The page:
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General Court: IceExpresso + Energycoffee v. Monster Expresso + Energy does not equal confusion

In Case T‑61/14, the General Court upheld  the following opposition

Mr Luis Yus Balaguer (Spain)

Monster Energy Company (USA) -earlier CTM's

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Class 9: ‘Coin-operated vending machines’;

Class 30: ‘Coffee-based beverages; Coffee mixtures for the manufacture of alcoholic beverages or non-alcoholic drinks, ice’;

Class 32: ‘Non alcoholic beverages including refreshing drinks, Energy drinks, Whey drinks, isotonic beverages; Beers, mineral and aerated waters; Syrups and other preparations for making beverages’;

Class 35: ‘Wholesaling, retailing in shops and via global computer networks of beverages based on coffee, tea, etc, wholesaling and sale via global computer networks of vending machines’.

Class 5: ‘Nutritional supplements’;

Class 32: ‘Non-alcoholic beverages, including, energy drinks flavoured with coffee and enhanced with vitamins, minerals, nutrients, amino acids and/or herbs, excluding perishable beverage products that contain fruit juice or soy’

Both the OD and the BoA of OHIM found that there was no likelihood of confusion.

As a preliminary matter, the assessments regarding the earlier mark registered under number 8815748 applied equally to the earlier mark registered under number 8815722 as they had an identical composition to the latter except for the element ‘hammer’ which replaces the element ‘midnight.

Primarily, the relevant public is the average consumer in the EU, who is reasonably well informed and reasonably observant and circumspect, and whose level of attention is neither particularly high nor particularly low.

Secondly, certain word elements of the signs at issue, since they are descriptive of some of the goods and services at issue, have a weak distinctive character, so that they would not attract the attention of the consumer as much as other more distinctive elements, namely the words ‘expresso’, ‘x-presso’, ‘espresso’ and ‘coffee’, which refer to a kind of coffee-based beverage, designated in Classes 30 and 32, and, on the other hand, the expressions ‘espresso energy’ and ‘energy coffee’, which refer to energy beverages and are descriptive of the goods and services falling within Class 9 and Class 35, which concern, in particular, that type of beverage.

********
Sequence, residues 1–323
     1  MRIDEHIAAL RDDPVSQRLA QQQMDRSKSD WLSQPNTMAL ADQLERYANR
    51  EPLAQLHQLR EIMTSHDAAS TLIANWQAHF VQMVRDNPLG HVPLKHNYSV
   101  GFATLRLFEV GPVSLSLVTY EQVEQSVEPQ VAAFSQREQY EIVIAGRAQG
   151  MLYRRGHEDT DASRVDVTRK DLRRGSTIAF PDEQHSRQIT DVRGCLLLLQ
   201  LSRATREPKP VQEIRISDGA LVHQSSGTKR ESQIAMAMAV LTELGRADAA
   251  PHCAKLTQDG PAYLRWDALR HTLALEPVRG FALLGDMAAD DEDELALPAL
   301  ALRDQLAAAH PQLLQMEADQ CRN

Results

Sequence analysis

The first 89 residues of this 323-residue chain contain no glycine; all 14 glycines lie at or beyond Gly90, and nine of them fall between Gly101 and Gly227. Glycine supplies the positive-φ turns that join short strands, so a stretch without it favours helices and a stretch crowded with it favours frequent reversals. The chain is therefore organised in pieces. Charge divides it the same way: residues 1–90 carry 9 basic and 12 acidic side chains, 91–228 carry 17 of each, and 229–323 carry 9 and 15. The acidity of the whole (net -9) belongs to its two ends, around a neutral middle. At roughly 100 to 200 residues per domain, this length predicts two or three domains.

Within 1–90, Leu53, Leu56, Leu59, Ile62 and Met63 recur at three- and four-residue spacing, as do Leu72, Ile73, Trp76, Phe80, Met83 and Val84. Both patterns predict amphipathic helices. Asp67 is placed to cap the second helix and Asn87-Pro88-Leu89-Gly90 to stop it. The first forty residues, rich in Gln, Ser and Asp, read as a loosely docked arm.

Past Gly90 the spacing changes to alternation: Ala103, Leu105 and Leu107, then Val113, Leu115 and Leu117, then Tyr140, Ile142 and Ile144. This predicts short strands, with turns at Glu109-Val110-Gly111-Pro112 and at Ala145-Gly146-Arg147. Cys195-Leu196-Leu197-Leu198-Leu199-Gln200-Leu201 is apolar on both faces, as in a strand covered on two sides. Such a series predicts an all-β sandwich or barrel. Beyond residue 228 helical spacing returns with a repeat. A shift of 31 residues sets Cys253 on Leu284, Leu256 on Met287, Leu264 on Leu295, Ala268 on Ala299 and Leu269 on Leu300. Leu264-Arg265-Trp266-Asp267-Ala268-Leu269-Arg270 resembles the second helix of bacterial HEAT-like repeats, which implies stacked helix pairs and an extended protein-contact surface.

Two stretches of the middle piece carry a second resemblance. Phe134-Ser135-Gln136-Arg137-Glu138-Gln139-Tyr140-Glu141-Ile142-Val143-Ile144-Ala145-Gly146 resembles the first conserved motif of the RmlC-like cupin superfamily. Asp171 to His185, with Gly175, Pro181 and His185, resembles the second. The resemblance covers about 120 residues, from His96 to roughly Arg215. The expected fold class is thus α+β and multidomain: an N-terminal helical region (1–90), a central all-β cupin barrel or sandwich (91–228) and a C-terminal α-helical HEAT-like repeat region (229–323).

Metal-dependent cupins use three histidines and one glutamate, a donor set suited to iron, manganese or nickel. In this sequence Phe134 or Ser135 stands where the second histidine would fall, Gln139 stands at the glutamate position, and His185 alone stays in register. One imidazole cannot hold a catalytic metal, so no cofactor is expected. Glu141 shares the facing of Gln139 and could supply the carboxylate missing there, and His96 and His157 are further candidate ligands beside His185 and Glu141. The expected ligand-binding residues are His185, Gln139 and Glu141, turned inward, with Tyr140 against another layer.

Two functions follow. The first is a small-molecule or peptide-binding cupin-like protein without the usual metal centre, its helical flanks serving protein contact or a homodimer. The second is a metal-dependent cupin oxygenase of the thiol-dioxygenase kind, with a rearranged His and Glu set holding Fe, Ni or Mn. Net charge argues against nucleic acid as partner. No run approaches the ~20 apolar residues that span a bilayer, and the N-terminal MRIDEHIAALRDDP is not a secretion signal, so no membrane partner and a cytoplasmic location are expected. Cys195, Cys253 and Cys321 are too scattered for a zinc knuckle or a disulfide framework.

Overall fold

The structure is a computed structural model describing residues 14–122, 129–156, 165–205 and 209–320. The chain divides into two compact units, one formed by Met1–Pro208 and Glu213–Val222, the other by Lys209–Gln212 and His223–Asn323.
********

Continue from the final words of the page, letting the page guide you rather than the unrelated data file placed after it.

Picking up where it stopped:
As regards the visual comparison between the signs at issue, that there was no visual similarity between the mark applied for and the earlier marks registered under numbers 8815748 and 8815722, and there was a low degree of similarity between the mark applied for and the earlier mark registered under number 8445711.

As regards the phonetic comparison between the signs at issue, there is a low degree of phonetic similarity/

As regards the conceptual comparison, for a part of the relevant public, there is a conceptual similarity in so far as the signs at issue refer to the idea of a coffee-based beverage, of the espresso type, that gives energy, and, on the other hand, for the remainder of the public, who does not perceive any clear semantic meaning from those signs, the conceptual comparison remained neutral.

In conclusion,  since the common elements between the signs at issue are descriptive and therefore of low distinctiveness, those signs have a low degree of similarity, and even assuming the goods and services at issue are identical, there is no likelihood of confusion.

Posted by: Laetitia Lagarde @ 18.12
Tags: General court, expresso, monster,
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MARQUES does not guarantee the accuracy of the information in this blog. The views are those of the individual contributors and do not necessarily reflect those of MARQUES. Seek professional advice before action on any information included here.

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